Whooping cough, also known as pertussis, has been increasing in Arizona and the rest of the nation for the last few years. Pertussis usually runs in a cycle, peaking every 3-5 years and then decreasing again.  Symptoms include fits of cough, vomiting after the fits of cough, and a whooping sound during cough. Some complications include pneumonia, convulsions, rib fractures- even death.

Arizona has had a 300-400% increase in pertussis cases in the last couple of years. Many of the cases are part of an ongoing outbreak in the Colorado City area which has been going on for the last year and a half.  In fact, there are more than 500 cases up there.  Most of the cases are in children- and a majority are either unvaccinated or not up-to-date on their pertussis vaccine. The good news is that the antibiotics offered to contacts of confirmed cases can slow the spread of the outbreak if they’re taken in a timely manner.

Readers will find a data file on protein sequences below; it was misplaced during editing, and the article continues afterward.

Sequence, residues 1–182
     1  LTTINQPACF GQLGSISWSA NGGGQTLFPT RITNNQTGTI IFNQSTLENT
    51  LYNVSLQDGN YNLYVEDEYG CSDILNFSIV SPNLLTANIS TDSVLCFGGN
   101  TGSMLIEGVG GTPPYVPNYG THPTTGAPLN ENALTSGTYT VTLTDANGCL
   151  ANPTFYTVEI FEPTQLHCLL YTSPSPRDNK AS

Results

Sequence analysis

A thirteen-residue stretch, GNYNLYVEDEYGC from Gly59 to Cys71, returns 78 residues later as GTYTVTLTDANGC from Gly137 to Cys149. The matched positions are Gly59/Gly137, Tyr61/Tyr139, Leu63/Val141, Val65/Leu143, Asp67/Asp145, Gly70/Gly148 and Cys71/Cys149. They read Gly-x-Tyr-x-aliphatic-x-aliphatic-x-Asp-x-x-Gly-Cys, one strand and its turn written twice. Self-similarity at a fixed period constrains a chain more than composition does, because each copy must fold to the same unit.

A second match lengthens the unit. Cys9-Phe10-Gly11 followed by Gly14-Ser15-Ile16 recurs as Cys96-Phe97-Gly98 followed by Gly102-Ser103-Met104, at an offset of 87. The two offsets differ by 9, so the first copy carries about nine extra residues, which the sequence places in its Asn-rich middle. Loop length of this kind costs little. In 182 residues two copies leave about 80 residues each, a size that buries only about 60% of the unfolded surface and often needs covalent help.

This outbreak is unnecessary because whooping cough is a vaccine preventable disease.  Young kids should get the DTaP vaccine at 2, 4, 6, and 15-18 months of age as well as another one between 4-6 years. The Tdap vaccine is recommended as a booster for those 11-12 years old, for people  who will be around infants, and for women during each pregnancy.